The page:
NEWS

Everyday heroes tell their stories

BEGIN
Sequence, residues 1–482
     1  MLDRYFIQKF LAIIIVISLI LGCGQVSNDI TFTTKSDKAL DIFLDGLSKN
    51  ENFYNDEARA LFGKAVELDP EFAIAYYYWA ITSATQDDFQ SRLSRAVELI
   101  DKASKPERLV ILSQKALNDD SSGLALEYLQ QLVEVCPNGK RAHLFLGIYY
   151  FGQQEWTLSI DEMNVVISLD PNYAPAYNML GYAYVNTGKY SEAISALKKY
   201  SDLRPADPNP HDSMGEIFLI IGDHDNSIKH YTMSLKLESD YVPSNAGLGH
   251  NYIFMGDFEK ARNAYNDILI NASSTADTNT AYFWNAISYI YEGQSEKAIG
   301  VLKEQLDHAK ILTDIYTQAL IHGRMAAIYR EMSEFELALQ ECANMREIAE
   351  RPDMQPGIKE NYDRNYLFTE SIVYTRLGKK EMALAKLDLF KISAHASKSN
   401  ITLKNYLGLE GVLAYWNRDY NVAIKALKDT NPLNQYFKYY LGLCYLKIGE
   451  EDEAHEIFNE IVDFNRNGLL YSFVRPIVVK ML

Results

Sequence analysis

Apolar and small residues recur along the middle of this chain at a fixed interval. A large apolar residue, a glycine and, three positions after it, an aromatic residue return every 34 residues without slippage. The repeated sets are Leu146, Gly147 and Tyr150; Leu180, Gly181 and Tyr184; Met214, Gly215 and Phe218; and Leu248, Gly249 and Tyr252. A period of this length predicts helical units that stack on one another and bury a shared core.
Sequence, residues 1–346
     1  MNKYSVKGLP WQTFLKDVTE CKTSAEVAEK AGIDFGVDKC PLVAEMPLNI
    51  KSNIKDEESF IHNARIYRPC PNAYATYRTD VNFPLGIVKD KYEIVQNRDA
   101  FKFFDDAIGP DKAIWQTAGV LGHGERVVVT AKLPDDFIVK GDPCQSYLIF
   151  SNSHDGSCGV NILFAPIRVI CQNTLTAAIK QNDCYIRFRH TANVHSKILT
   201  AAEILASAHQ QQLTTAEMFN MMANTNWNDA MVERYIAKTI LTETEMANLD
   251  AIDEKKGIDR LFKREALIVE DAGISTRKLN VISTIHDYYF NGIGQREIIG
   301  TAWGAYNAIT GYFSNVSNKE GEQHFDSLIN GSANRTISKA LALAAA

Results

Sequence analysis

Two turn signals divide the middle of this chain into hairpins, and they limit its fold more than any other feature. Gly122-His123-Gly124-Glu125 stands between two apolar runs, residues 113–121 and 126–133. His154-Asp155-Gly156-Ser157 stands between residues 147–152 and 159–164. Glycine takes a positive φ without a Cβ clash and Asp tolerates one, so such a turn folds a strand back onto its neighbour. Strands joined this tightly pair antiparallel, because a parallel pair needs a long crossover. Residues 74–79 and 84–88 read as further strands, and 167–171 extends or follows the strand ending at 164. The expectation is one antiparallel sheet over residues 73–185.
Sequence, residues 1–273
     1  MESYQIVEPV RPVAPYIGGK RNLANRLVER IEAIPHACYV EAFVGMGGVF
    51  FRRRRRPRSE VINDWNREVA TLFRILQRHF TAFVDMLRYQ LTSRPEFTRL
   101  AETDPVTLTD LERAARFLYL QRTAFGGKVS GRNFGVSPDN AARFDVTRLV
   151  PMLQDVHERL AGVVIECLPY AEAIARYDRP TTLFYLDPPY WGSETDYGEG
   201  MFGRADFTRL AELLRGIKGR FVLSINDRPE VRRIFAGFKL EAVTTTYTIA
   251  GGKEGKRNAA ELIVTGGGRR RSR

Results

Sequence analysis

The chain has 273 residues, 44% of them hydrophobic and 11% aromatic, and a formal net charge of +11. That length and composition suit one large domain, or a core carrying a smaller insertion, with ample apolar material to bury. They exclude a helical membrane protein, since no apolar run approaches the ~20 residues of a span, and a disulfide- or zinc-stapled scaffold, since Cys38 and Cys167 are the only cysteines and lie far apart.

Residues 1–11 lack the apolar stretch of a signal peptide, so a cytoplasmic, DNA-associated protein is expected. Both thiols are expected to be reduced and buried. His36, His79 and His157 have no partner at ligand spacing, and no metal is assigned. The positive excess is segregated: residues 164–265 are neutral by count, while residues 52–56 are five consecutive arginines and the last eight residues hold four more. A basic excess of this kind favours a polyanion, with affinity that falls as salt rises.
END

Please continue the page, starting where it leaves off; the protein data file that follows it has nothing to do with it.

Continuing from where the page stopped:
It isn’t easy to talk to someone about being poor, which is seen these days as a disgrace, something to be ashamed of, despite the fact it has become so much more common. For that reason the people in the following interviews chose to remain anonymous. Eleni, 29: «I haven’t told my parents how little I earn from my job,» Eleni told Kathimerini. «I haven’t been to a concert for three years. The theater and music stores are out of the question for me and my friends, and even the cinema is possible only once every two months.» Can someone live such a deprived existence in Athens in 2007? Eleni came to Athens from Arta at the age of 20 because there were no jobs in her hometown. She graduated from a state-run liberal studies center and got a job with a firm that leases workers to call centers. «After seven years’ work I make 690 euros a month. Last year it was 620 euros. Expenses for rent, shared expenses for the apartment block, utility bills, mobile phone and a bus pass come to almost 520 euros. How far can the rest go?» Eleni almost never goes out. «Our entertainment is visiting friends at home.» She can’t see any hope in the future. Despina, 45: She expertly juggles loans from one credit card to another. She spends hours studying bank prospectuses in the hope of transferring the burden and has a diary with crucial payment dates marked in red. A dynamic woman, who climbed the business ladder, she threw herself into an advertising company she worked for. Then she decided to marry and have a child, which was not acceptable to the firm. «I consented to leave, because I had faith in my abilities and thought I would find work elsewhere.» Unfortunately it is hard to find work in the private sector when you are over 40. Not long afterward, she got divorced. «Bringing up a child on your own, and with a part-time job, is very difficult,» she said. Asked what she gets from the state, Despina laughed bitterly: «Absolutely nothing, I manage on my own. I try to see that my child doesn’t want for anything by cutting my own expenses back to nothing. A few years ago I thought poverty was so far away.» Giorgos, pensioner: He has a pension of 500 euros a month from state insurer IKA. He has his own house, has lost his wife Argyro, and just about makes ends meet. «What upsets me,» he said, «is that my son is unemployed [after the firm he worked for as a store-man moved away]. And my daughter-in-law works at a supermarket, earning just 750 euros, so I have to help them. But they don’t want to take money from me. What can I do? I buy what I can for my grandson, I cook at home and I give them food.»